Same, same, but different.

Most decisions will affect our lives, short or long term - on the latter: picking a subject at university, doing one more year of studying, accepting a first job, starting a family etc. Interestingly enough, in my early twenties, I was probably not mature enough to measure all the consequences of these important decisions and at times, made rather poor choices - and if not poor, irrationalBut out of all those decisions, I made an unusual one, compared to most of my counterparts back then: I decided to leave Paris and move to London. Yesterday was actually the 10th anniversary of that move - the 10th anniversary of what I consider being the best decision I ever made. 

Moving abroad is a life-changing experience - no matter the circumstances behind the decision. Some leave for a year of study abroad, others for a job that requires them to move away, some, like me, decide to leave simply because they want to - without any real plan ahead, job or place to live. The only thing I had when I moved were friends over there. Friends I knew from France and admired for having made the jump one year before me, who were living the life I was craving for: fun, carefree and restless in a city made for it.

It was not long before I realized it was not as easy as I expected it to be. Changing environment, culture, language, friends, currency - you name it, everything around is somewhat different so that nothing - absolutely nothing is familiar. And at times, it felt very disorienting and dare I say, I felt lonely. On the other hand, it was rather funny to see how quickly that 'nothing familiar' becomes eventually... familiar. And how those strange supermarkets' names became the norm, how those strange streets I was walking in, became part of my daily commute, how the cryptic bus system turns out to be, within 3 months easy to navigate.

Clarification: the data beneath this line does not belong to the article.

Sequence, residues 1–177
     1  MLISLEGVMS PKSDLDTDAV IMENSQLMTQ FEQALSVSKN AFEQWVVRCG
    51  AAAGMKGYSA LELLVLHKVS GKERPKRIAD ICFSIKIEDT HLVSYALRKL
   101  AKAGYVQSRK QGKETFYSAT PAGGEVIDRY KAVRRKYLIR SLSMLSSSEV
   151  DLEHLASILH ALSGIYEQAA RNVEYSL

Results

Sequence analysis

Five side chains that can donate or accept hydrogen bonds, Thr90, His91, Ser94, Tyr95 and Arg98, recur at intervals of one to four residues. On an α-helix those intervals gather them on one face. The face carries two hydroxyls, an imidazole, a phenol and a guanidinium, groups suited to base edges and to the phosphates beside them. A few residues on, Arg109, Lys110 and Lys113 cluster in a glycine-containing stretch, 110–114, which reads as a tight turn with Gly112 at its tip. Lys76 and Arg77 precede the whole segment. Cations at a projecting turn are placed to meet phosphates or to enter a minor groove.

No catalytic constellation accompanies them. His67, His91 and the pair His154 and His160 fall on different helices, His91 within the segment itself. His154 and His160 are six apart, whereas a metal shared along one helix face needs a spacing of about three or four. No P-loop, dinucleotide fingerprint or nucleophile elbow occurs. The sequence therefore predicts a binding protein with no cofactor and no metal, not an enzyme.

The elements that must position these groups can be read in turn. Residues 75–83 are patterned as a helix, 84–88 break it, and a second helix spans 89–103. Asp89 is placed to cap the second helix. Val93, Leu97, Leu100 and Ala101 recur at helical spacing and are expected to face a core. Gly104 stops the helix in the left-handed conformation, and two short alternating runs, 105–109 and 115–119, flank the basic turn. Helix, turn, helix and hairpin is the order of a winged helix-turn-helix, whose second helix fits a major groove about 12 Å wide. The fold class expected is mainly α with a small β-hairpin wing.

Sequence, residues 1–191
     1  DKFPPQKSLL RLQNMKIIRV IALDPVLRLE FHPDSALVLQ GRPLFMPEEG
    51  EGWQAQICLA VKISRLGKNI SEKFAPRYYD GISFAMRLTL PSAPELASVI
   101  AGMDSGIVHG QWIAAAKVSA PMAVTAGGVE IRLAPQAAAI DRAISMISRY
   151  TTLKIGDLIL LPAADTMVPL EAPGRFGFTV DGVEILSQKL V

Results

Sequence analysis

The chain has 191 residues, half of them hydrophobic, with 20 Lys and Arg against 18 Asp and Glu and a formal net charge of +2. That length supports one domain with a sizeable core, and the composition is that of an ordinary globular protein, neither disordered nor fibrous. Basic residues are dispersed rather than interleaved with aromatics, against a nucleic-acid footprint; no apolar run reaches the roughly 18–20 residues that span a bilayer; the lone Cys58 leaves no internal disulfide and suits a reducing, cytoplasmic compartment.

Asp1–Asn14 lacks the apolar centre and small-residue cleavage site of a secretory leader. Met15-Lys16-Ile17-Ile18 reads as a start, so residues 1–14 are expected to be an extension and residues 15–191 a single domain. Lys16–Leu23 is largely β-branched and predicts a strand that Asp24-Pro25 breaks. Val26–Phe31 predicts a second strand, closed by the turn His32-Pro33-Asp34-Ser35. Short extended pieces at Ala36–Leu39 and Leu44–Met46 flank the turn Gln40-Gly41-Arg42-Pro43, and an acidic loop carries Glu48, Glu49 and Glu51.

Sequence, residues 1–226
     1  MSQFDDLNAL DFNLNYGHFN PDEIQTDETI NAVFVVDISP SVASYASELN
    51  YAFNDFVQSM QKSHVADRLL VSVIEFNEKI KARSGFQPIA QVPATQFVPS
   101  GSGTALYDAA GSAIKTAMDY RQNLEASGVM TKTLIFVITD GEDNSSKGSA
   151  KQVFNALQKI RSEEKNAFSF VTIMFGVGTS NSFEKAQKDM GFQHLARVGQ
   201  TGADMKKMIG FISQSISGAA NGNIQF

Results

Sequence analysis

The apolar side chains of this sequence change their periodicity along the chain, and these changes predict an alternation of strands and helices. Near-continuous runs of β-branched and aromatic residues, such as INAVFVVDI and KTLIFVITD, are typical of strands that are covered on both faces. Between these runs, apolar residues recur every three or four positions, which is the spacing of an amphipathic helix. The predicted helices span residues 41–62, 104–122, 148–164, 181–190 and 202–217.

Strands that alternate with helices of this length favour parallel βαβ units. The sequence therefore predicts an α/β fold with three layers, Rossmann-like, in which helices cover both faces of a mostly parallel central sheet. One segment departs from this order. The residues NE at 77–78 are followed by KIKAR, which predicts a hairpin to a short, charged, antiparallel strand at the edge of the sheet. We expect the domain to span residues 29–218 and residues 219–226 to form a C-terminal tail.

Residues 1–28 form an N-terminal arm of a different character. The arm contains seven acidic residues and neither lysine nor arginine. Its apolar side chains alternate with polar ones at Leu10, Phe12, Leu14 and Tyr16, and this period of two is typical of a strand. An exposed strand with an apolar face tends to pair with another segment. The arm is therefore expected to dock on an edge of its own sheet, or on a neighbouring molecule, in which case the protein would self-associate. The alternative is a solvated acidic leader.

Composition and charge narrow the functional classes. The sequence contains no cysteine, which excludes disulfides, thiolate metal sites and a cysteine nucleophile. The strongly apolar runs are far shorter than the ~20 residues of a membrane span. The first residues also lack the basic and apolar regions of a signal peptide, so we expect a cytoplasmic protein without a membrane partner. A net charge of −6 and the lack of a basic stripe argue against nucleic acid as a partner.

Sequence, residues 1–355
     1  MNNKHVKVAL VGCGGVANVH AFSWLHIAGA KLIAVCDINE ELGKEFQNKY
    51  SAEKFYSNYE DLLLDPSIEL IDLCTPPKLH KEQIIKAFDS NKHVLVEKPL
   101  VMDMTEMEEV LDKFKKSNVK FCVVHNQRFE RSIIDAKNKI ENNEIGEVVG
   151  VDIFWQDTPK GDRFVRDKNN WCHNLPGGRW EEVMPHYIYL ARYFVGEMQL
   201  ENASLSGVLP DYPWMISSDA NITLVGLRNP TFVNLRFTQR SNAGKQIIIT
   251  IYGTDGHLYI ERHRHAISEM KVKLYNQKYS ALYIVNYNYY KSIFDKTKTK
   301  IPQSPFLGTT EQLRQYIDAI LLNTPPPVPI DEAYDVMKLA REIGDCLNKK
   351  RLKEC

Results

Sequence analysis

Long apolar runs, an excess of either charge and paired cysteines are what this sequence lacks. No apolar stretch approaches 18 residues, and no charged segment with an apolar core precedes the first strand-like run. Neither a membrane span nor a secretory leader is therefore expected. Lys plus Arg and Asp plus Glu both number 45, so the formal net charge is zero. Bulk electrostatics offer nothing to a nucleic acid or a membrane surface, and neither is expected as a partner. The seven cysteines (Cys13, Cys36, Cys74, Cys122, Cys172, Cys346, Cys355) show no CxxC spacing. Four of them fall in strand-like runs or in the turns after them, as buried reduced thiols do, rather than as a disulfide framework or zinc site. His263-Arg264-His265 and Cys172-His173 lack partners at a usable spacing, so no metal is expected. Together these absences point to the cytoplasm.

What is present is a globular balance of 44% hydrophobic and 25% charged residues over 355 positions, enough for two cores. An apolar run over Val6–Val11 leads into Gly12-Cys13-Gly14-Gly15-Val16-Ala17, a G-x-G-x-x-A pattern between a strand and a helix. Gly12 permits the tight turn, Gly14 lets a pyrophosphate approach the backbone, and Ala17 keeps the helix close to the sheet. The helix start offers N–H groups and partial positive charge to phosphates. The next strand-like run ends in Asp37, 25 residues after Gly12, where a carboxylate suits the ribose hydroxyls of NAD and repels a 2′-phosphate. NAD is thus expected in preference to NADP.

And I think eventually the latter took over: the result of this adaptation is what I ultimately remembered, the sense of accomplishment and proud associated with the final 'I made it'. At least in my case it did, and after 4.5 years in London, I moved to New York and had to do it all over again. And when time will come, I will do it all over again, and again, and again. 

To the question: will I ever move back to France (one may be surprised how often this question comes up), the answer is no. After 10 years abroad, I remember having reached a turning point about 2 years ago when returning from France after Christmas: it was pretty clear to me I would not live there again. Not that I do not like my country, its people, culture etc. As a matter of fact, I came to understand better what being French and later European meant since I moved. But I have never felt so much at home than when being away from what is supposed to be home. Being foreign, being different is a more pleasant feeling for me than the reassuring comfort of familiarity.

"Sometimes I have these fantasies of just moving to a foreign country and coming back with a full head of hair. Or not even come back! Make a new life there with hair... Change my name, just see what happens." - Larry David